In recent years, racism has become a particular problem online. Whether it is offensive comments on social media, inflammatory memes or hateful videos shared online, cyber-racism has had a significant impact on the growth of racist attitudes. Those spreading racist messages can often do so with the benefit of anonymity.
ESCHOOLTODAY: Effects of Discrimination
Like abuse and bullying acts, there are effects and consequences and no one wins. Here are a few:
Physical and emotional impacts:
Exclusion or rejection directed to you by others for reasons that you often have no control of can cause extreme worry to an individual. It results in anxiety, sadness, depression and a feeling of guilt and emptiness. These often translate into depression, loss of interest, eating disorders and stress-related ailments.
Social, educational and financial impacts:
Discrimination, harassment and victimization leave the individual confused and broken.
They may take to alcohol or drugs, or may form their own opinions on others, develop a hatred for others, or withdraw from people.
It can affect them financially, may lose their job, quit school or do poorly at school.
Society and Businesses
Communities and businesses that fail to take strong action on discrimination tend to be lower in productivity. This is because people feel disgruntled, and loose interest in working hard. There is a drop in morale, trust and confidence on the part of the employees. People with talents and exceptional skills and abilities are not attracted to these places because they do not want to be discriminated against.
People who face racial discrimination may regroup with some vengeance in mind against other groups. This can fuel conflicts and social discords. In fact, many conflicts and wars have been started in this way.
There are very strict laws on discrimination that may be applied to individuals who discriminate. There is no excuse, even if you did not know that your actions were discriminatory. Employees and individuals can bring legal action on the business or individual who did the act, and there are consequences for guilty parties.
On the other hand, there are some cases that racism doesn’t stop in the name of love. And this is true to the love story of Howard and Myra. Let’s read their love story.
THE EPOCH TIMES: High school sweethearts, split apart by racism, REUNITE 4 decades later—their love hasn’t changed
Credit: EET Facebook | Myra Clark Blogs | Holy Ordinary – The Epoch Times
An interracial high school couple broke up because of social pressure during the late 60s. Now, having finally reunited with his sweetheart after 43 years apart, this man knew for sure he wasn’t going to walk away again.
On that day when Howard Foster of Columbus, Ohio, saw his once high school sweetheart, Myra Clark, again at Sharon Woods park, he knew he wasn’t going to make the mistake of letting her go again.
“It was that dream you just never thought would come true … there she was,” Howard told the Associated Press.
Credit: Facebook | Howard Foster – The Epoch Times
More than four decades had passed since Howard broke up with Myra for an unfortunate reason: racism. He parted ways with the love of his life, because he is a black and Myra is a white, and society couldn’t accept that.
Credit: Blogs | Holy Ordinary – The Epoch Times
Howard and Myra had dated in the late 60s, when they were both classmates at Columbus West High School. They would often chat on the phone for hours ’till the wee morning hours. Yet, rarely is love smooth and easy sailing; the couple had to contend with the high racial tension of those years.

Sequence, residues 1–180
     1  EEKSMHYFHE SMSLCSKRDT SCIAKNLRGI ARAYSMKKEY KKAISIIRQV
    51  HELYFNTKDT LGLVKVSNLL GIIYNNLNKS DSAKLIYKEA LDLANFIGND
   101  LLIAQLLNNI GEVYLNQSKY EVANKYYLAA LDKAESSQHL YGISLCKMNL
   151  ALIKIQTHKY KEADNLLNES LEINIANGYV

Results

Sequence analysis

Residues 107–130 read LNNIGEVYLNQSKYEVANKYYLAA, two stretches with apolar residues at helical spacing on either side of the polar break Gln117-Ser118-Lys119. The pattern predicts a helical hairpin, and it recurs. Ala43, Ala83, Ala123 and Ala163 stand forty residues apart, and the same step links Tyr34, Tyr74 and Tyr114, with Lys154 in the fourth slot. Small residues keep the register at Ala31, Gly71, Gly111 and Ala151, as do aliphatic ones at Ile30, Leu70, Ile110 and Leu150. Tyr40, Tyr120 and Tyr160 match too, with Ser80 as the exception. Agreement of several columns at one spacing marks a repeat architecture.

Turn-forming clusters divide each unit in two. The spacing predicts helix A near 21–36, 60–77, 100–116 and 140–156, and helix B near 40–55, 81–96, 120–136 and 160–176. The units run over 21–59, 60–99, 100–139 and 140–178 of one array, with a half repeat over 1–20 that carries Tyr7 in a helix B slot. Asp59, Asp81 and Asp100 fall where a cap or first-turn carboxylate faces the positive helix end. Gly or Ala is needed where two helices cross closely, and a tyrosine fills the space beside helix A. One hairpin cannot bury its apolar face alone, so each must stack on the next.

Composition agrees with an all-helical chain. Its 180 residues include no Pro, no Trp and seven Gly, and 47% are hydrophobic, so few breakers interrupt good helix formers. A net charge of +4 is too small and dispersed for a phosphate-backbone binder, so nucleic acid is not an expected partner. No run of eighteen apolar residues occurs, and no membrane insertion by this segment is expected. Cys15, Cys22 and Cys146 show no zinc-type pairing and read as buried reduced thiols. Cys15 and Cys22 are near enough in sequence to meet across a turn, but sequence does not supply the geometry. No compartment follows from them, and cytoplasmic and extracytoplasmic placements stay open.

Howard thought he could put up with the pressure of prejudice, but he was wrong. After graduating from high school, he often faced discrimination from professors at Columbus Technical Institute simply because of his skin color.
No matter how well he did in an assignment, his professors would give him a “D.”
This made Howard think twice about his relationship with Myra.
Credit: Facebook | Myra Clark – The Epoch Times
“Society wasn’t going to let us be together and she be happy … She’d get tired of the stares; I just thought it was unfair to her,” Howard said. “Her happiness was the most important thing.”
He didn’t want Myra to face the same prejudice, so he made the painful decision to break up with her.
The two bade farewell, turning back to look at each other for the last time.
It was then that Myra had a hunch that they would see each other again. And she was right.
Credit: Facebook | Myra Clark – The Epoch Times
After that joyful reunion in 2013, which was made possible thanks to a mutual friend, the couple, now in their 60s, were never to be separated again.
Interracial marriage was only made legal in Virginia in 1967. As society had become more open to interracial marriage, Howard and Myra tied the knot in 2015.
Credit: Facebook | Myra Clark – The Epoch Times
The couple hold hands fondly every night before sleep, perhaps trying to make up for lost time.
“We enjoy each other; we really enjoy each other,” Howard said. “I walked away once; I was not going to walk away again.”
Hopefully someday, more people will come to realize that discriminating based on race or skin color is wrong.
As Nobel Prize-winning writer, Elie Wiesel wrote: “No human race is superior; no religious faith is inferior. All collective judgments are wrong. Only racists make them.”
THE GOOD READS: Eliezer Wiesel was a Romania-born American novelist, political activist, and Holocaust survivor of Hungarian Jewish descent. He was the author of over 40 books, the best known of which is Night, a memoir that describes his experiences during the Holocaust and his imprisonment in several concentration camps.
Wiesel was awarded the Nobel Peace Prize in 1986. The Norwegian Nobel Committee called him a “messenger to mankind,” noting that through his struggle to come to terms with “his own personal experience of total humiliation and of the utter contempt for humanity shown in Hitler’s death camps,” as well as his “practical work in the cause of peace,” Wiesel has delivered a powerful message “of peace, atonement and human dignity” to humanity.
On November 30, 2006 Wiesel received an honorary knighthood in London, England in recognition of his work toward raising Holocaust education in the United Kingdom.